Beloved. Today’s epistle contains a warning for the Christian: Have sound judgment. Be alert. Your adversary, the Devil, prowls around like a roaring lion, looking for someone to devour. Here we are warned against having a false sense of security. The simple fact of the matter is that once we are our Lord’s dear Christian, we are the enemy of the devil; he marks us as those especially to be targeted with his attacks in his attempt to destroy our faith in Christ, to drag us back into his kingdom of sin, death and damnation, to devour us spiritually now and for all eternity. We never dare think that once we are Christians, everything will be easy for us spiritually or that no spiritual trials will come upon us. And we also must never take our faith for granted. We must instead, treasure it and regard it as the true treasure that it is by always feeding it with copious amounts of word and sacrament. Through them the Holy Spirit is at work strengthening and keeping us steadfast in that faith. And on top of it all, we must never think that we can keep ourselves in the faith or think that “I am a good Christian, strong in the faith. I know what I believe and no one or nothing can take that away from me.” That sounds all well and good and even pious to some ears but that is really spiritual arrogance because the one who says that is implying that he/she can place self in spiritual risk/ danger and not worry about losing the faith or at least weakening faith. But when someone says, “I am a good Christian, strong in the faith. I know what I believe and no one or nothing can take that away from me,” the implication that follows is what? “Therefore I can sin—even just once—and it won’t hurt me.”
But let us hear again St. Peter in today’s epistle: Have sound judgment. Be alert. Your adversary, the Devil, prowls around like a roaring lion, looking for someone to devour. And who was St. Peter? He was the very one who when Jesus warned him, “Simon, Simon! Indeed Satan has asked for you, that he may sift you as wheat. But I have prayed for you, that your faith should not fail…said in response to Jesus, “Lord, I am ready to go with You, both to prison and to death.” [Lk. 22.31, 33] And of course we know that St. Peter ended up denying Jesus three times. These words were written by one who knew very well that the Devil, prowls around like a roaring lion, looking for someone to devour for he himself fell victim to him. St. Peter’s spiritual pride and pride in self gave way to humility. And just as Jesus forgave and restored the penitent St. Peter to his apostleship, so too do we have that same forgiveness from our Lord and so too does He in grace restore us penitent sinners as His dear Christians and heirs of heaven. The most glorious thing is not that St. Peter repented and was restored, but what is most glorious and amazing is that Jesus sought out St. Peter in order to rescue him from the devil’s clutches, in order to restore him. And what is most glorious for us, personally, is that when we sin, Jesus seeks us out in order to bring us back to Him. And that’s exactly the point of today’s Gospel! In it, Jesus shows His love for us, the sinner; in it, Jesus shows us the lengths He goes to bring us back to Him, to rescue us from the devil’s clutches, from sin, death and damnation.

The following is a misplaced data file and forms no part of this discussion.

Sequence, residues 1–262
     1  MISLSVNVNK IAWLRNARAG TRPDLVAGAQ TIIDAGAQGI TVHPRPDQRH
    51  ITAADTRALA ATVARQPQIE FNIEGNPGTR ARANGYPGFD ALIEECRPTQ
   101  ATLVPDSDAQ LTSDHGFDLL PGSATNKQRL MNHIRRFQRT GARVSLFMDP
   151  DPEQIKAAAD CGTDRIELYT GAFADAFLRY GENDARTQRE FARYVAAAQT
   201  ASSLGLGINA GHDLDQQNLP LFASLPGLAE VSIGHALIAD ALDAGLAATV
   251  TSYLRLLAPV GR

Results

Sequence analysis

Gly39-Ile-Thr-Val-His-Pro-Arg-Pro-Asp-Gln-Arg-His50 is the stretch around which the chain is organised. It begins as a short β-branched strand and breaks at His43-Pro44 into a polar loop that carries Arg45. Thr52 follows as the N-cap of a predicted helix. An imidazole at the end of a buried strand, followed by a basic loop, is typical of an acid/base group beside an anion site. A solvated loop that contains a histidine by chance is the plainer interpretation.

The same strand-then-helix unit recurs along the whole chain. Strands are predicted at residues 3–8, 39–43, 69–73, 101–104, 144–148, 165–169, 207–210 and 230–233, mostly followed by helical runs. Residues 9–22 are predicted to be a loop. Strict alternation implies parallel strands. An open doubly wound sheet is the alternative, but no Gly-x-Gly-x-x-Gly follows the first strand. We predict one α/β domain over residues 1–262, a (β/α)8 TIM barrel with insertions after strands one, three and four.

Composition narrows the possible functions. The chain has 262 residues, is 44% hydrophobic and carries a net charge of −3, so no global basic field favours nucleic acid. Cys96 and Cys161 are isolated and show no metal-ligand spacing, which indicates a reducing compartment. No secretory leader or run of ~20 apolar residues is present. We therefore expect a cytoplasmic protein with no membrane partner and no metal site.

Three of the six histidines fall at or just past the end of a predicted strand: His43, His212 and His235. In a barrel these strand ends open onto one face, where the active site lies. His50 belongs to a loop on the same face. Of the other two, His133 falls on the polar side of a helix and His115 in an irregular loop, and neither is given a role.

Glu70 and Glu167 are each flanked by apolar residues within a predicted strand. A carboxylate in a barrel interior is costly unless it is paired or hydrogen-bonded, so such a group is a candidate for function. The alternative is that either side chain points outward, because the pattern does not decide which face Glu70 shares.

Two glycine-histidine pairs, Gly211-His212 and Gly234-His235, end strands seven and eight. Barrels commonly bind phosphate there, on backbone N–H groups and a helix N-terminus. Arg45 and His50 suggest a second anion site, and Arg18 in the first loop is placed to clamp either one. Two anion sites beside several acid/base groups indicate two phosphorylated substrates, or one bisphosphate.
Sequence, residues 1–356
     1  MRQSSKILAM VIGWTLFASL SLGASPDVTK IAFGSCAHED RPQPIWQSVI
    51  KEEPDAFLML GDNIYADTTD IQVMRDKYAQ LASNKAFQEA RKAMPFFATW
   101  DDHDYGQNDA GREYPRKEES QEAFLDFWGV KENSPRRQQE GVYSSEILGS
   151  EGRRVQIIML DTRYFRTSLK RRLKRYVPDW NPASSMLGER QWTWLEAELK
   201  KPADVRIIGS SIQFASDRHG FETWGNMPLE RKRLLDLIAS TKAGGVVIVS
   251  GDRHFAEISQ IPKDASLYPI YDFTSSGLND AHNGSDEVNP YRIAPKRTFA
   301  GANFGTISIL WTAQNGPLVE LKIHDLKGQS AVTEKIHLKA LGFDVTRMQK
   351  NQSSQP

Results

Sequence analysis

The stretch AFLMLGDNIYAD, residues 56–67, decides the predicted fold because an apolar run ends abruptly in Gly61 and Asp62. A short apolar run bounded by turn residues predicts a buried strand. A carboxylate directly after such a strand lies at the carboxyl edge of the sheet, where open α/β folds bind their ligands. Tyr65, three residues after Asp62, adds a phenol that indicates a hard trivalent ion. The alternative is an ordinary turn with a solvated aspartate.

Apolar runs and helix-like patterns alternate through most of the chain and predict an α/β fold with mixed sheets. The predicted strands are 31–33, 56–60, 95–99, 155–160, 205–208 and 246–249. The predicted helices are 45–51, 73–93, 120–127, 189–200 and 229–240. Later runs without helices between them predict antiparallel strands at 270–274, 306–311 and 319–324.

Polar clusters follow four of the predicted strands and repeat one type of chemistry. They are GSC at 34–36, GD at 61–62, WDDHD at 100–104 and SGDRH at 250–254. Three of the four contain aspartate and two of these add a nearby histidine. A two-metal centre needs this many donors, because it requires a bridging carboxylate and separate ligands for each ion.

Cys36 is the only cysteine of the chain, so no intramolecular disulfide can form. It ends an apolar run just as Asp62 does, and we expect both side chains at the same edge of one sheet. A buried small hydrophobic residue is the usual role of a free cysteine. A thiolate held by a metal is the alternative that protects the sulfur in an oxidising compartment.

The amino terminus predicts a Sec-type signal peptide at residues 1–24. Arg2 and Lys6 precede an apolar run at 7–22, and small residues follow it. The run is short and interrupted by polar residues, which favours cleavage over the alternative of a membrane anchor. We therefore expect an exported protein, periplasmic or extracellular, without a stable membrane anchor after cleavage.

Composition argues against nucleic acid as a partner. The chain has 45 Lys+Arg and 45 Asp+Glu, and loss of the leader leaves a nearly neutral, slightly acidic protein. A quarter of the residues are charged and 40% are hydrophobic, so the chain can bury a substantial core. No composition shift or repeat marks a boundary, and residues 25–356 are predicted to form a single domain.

In today’s Gospel, Jesus gives two illustrations of this. Which one of you, if you had one hundred sheep and lost one of them, would not leave the ninety-nine in the wilderness and go after the one that was lost until he finds it? And when he finds it, he joyfully puts it on his shoulders and goes home… Or what woman who has ten silver coins, if she loses one coin, would not light a lamp, sweep the house, and search carefully until she finds it?
Jesus tells these parables to defend the fact that sinners—repentant sinners—were coming to Him and He was welcoming them. Jesus’ enemies, the religious leaders of the Jews, were complaining, “This man welcomes sinners and eats with them.”
So Jesus tells three parables—the two in our text and the parable of the prodigal son—that defend what He is doing. The shepherd searching for the one lost sheep is a beautiful image of how Jesus longs for the salvation of the sinner and how He seeks us out. And at the same time, by using that image of the Good Shepherd, Jesus is pointing out that He is the Good Shepherd. And Who is the Good Shepherd? It is the true God! In other words, not only does Jesus defend His welcoming of the repentant sinner, but He is saying very clearly that He is the true God. What do we have in the psalm ? –The Lord—the true God—is my Shepherd. We have the prophet [Is. 40.11-12]: Behold, the Lord God shall come with a strong hand….He will feed His flock like a shepherd; He will gather the lambs with His arm and carry them in His bosom and gently lead those who are with young.
And what does this mean? –Jesus, the true God, is the Good Shepherd who welcomes and receives the repentant sinner. What a glorious comfort this is to us sinners—no One less than the very God receives us. And not only does He receive us repentant sinners, but it is He who searches for us and seeks us out. He doesn’t wait for us to act, the lost to decide to become unlost. Just think about it, dear Christian, dear fellow sinner—the very God Himself, the Good Shepherd, seeks us out to bring us back to Him. That is nothing but His pure grace and mercy toward us. We deserve nothing but His wrath and eternal punishment, but in grace and mercy He longs to save us and draw us to Him to give us every heavenly and spiritual blessing. This is what the world—especially the self-righteous, those who think they earn heaven by their works—cannot understand: they were complaining, “This man welcomes sinners and eats with them.”